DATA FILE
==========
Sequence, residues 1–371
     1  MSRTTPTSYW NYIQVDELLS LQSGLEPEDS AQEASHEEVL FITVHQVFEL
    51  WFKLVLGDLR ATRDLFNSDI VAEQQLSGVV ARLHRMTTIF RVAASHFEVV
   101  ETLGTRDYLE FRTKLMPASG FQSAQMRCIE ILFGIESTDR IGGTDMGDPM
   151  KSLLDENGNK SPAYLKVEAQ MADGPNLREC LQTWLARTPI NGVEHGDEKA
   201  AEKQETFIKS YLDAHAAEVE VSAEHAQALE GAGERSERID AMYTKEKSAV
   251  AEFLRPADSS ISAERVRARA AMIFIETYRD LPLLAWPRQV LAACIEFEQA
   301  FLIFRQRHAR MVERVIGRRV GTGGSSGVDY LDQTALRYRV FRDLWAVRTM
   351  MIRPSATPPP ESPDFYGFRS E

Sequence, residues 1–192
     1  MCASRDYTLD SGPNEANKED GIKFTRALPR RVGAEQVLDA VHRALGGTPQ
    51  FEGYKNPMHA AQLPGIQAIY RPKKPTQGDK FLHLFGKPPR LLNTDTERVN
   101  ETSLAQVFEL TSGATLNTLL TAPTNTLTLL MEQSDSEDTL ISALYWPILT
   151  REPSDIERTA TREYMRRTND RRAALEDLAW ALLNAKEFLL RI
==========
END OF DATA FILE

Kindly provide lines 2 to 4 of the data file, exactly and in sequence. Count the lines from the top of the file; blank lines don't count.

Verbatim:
     1  MSRTTPTSYW NYIQVDELLS LQSGLEPEDS AQEASHEEVL FITVHQVFEL
    51  WFKLVLGDLR ATRDLFNSDI VAEQQLSGVV ARLHRMTTIF RVAASHFEVV
   101  ETLGTRDYLE FRTKLMPASG FQSAQMRCIE ILFGIESTDR IGGTDMGDPM